“If you build it, they will come” is one of the lines from A Field of Dreams. I wonder if this is an idea that, in some form, ran through the minds of the Founding Fathers as they set forth to build a new country based on a different form of government? Those men and women built a foundation – and people came. People came from all over the world. Some came by choice while others did not, but each of those that arrived had a dream.
The American Dream.
My great, great grandfather came from Croatia via Canada. I wonder about his dreams as he sailed from home, by himself, and lived aboard ship for years. What did he think as he entered Canada, made his way to LA, and finally set roots in the great southwest to build a life and make his mark on this country? He left his family and everything he knew in Europe. For him, building a new life involved swat and hard work; good times and bad. He didn’t have the “networks” that we rely upon so heavily now. The government did not offer him support of any kind. Success or failure rested upon his shoulders. I wonder if he ever felt like giving up or whether it occurred to him to move back to Europe? I will never know. I do know that he built a life, a business, and helped to build a city. Hard work, sweat, and a dream… perhaps the American dream?
Things have changed since my family arrived in this country, but has the American dream changed?
Listening to kids I would say that yes, the Dream has changed. Kids now dream of marriage and houses and jobs and cars. Their dreams largely appear to be lifestyle based. I don’t hear kids talk about dropping everything they know to move to another country and start again on their own. Here, in my little part of Northern Virginia, I don’t hear kids talk about wanting a better life, obtaining an education, or having any different than their parents. Then again, I am not sure that I have heard many adults dream differently than the kids.
So, is the American dream the house with the yard and the 2.5 kids and the white picket fence and the happy hours and soccer games and the comfort that comes with security and stability? Is it knowing that there is no need to risk anything or take a chance because there is a safety net? Is the American dream something now defined by society over the individual American? Is it now about having the “same” as the guy next door and the person down the street?
The American dream, as I understand it, involved taking risks to make a better life; taking chances to build something different. The risks a century ago were far higher than they are today, and yet many ventured forth in the hopes that they would find success.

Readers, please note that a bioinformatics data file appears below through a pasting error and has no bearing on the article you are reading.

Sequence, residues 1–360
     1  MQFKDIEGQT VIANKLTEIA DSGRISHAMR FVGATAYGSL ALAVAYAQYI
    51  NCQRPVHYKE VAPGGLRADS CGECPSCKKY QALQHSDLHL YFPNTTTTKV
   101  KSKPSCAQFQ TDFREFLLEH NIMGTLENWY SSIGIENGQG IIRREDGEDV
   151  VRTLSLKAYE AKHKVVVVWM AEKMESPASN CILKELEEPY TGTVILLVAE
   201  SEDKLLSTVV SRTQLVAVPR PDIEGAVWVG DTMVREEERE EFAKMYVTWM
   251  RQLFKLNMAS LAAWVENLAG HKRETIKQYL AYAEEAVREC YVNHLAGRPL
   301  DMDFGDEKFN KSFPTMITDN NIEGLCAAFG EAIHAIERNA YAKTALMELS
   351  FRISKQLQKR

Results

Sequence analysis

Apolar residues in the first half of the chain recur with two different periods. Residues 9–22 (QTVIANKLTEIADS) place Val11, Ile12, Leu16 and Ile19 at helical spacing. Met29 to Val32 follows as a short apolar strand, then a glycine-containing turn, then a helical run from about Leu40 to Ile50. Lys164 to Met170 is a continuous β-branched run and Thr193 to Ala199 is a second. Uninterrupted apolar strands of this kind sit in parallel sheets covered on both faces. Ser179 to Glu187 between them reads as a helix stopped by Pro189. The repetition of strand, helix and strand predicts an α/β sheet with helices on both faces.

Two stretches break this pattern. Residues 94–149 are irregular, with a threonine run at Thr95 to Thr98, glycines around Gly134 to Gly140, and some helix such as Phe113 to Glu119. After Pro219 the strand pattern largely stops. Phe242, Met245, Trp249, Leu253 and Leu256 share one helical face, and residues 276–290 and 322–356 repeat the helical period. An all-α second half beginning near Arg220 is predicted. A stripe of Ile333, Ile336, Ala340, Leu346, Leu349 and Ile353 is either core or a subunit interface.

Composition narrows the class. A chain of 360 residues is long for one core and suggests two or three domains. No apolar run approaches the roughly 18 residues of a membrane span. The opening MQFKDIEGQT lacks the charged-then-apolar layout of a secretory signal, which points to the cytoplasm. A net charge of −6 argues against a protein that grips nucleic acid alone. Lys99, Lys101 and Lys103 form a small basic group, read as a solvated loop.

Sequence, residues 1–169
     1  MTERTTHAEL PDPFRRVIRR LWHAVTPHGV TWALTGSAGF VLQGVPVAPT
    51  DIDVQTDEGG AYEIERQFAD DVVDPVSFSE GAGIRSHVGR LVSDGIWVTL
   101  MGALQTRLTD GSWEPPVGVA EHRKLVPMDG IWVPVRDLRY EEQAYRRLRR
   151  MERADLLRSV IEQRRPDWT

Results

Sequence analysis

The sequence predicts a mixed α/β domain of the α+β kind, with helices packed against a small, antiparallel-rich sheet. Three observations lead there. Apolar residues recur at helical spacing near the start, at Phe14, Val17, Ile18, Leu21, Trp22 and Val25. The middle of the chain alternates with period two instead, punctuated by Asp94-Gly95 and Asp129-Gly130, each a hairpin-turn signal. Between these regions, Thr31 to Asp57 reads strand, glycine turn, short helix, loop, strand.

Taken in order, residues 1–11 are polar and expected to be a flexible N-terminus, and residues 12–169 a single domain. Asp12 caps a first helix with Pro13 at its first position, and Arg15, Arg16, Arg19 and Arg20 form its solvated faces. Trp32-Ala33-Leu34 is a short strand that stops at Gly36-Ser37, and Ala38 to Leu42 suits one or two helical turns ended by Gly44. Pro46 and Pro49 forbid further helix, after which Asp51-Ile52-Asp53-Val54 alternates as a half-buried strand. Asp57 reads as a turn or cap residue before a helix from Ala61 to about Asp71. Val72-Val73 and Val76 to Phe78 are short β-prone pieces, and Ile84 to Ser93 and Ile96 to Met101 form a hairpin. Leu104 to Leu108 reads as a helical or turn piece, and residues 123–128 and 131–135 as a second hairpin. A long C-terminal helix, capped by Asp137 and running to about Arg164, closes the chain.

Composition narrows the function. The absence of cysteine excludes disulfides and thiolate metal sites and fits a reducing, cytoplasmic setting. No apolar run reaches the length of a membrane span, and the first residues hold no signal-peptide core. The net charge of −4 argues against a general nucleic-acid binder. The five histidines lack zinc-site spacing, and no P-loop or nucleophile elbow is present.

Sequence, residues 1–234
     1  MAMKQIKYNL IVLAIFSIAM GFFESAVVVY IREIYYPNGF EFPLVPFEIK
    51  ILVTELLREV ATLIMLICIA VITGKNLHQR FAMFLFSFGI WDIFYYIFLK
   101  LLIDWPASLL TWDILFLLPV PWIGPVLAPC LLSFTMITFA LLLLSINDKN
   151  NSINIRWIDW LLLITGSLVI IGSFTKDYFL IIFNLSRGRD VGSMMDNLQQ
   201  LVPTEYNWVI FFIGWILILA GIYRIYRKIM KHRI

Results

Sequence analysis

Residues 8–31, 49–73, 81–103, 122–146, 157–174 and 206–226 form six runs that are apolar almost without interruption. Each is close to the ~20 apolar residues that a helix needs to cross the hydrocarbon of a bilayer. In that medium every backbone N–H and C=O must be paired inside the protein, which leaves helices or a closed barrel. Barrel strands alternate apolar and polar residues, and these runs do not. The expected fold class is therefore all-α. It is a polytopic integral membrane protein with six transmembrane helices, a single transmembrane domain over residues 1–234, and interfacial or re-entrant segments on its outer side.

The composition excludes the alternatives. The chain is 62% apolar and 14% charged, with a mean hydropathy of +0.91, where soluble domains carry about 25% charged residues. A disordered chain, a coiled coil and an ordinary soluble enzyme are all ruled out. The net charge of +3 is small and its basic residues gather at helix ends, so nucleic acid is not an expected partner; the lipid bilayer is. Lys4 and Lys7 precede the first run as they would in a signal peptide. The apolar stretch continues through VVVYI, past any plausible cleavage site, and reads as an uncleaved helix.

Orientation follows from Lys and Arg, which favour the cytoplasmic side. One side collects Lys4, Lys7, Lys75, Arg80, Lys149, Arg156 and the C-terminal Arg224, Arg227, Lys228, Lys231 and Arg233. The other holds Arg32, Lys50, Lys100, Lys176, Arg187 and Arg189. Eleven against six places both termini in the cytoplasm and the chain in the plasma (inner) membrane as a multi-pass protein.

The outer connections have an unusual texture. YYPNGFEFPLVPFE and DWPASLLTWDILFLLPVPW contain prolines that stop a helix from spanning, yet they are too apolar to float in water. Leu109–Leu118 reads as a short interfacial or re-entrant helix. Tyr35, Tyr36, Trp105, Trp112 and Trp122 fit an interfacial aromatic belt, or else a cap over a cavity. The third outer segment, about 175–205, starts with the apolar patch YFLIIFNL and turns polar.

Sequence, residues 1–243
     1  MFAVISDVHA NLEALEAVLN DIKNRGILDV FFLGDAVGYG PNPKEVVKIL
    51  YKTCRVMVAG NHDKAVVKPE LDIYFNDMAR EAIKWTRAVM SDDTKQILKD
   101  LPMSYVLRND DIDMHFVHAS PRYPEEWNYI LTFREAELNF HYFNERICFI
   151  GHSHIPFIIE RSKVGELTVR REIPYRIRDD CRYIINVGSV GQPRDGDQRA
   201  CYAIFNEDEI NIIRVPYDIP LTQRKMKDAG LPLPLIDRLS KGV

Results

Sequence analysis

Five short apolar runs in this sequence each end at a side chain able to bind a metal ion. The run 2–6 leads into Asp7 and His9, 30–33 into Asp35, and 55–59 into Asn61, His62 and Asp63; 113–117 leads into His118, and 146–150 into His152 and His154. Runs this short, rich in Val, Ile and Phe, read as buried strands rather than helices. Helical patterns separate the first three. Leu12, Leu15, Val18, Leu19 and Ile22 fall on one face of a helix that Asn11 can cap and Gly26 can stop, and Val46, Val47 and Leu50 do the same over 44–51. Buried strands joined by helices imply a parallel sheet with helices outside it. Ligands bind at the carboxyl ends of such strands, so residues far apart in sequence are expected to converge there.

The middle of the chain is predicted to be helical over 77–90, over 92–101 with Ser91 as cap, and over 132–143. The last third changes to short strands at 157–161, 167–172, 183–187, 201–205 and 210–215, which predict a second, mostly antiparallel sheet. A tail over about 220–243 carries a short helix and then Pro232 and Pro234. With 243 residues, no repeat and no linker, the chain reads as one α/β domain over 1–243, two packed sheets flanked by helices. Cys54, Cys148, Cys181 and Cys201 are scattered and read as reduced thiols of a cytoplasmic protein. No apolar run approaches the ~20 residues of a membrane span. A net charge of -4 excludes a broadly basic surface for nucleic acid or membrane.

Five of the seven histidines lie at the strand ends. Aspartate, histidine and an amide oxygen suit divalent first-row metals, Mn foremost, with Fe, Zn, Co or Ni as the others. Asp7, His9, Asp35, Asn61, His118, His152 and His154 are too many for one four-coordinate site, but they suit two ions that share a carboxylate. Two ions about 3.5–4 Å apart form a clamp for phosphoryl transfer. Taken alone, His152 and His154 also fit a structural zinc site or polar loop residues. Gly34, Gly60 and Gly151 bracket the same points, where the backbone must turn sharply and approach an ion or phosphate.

I sit in my comfortable chair in my cozy and colorful office fully acknowledging that I changed my own dreams. Where I am now is not where I thought I would be as I neared 40. I consider my own version of the American dream. I never dreamed of houses with white picket fences and cars and dogs and the 2.5 kids. I wanted something different from the beginning – a life that reflected my passions and interests. The profession has not materialized (but it still could or be something very different) but the dream has blossomed.
My American dream spins on her toes and tucks curls behind her ears. She lets the waves carry her back to shore before she takes off, running down the beach as if she was born on the sands of Coronado.
My American dream is one that I created and one that I continue to choose and define. It is not the dream held by society or many Americans or even my friends and family. It is mine – and now it involves supporting my daughter to see that she too can dream her own American dream and dance to her music.
Like my forefathers, I am standing on my own, making choices and working to live my dream based on my own hard work and sweat. I might live more comfortably than they did. I might have an easier life than they enjoyed. I also know that I have those safety nets waiting for me if I fall.
Like those that landed on American soil before me, I am defining my own dreams and creating my own way – and I am teaching my daughter to do the same. Perhaps the American dream has changed and is changing as we enter the 21st century, but in my house and in my life the dream remains… hard work, taking chances, believing in ideas, actively making choices, and realizing that risk and hope are two amazingly beautiful 4 letter words.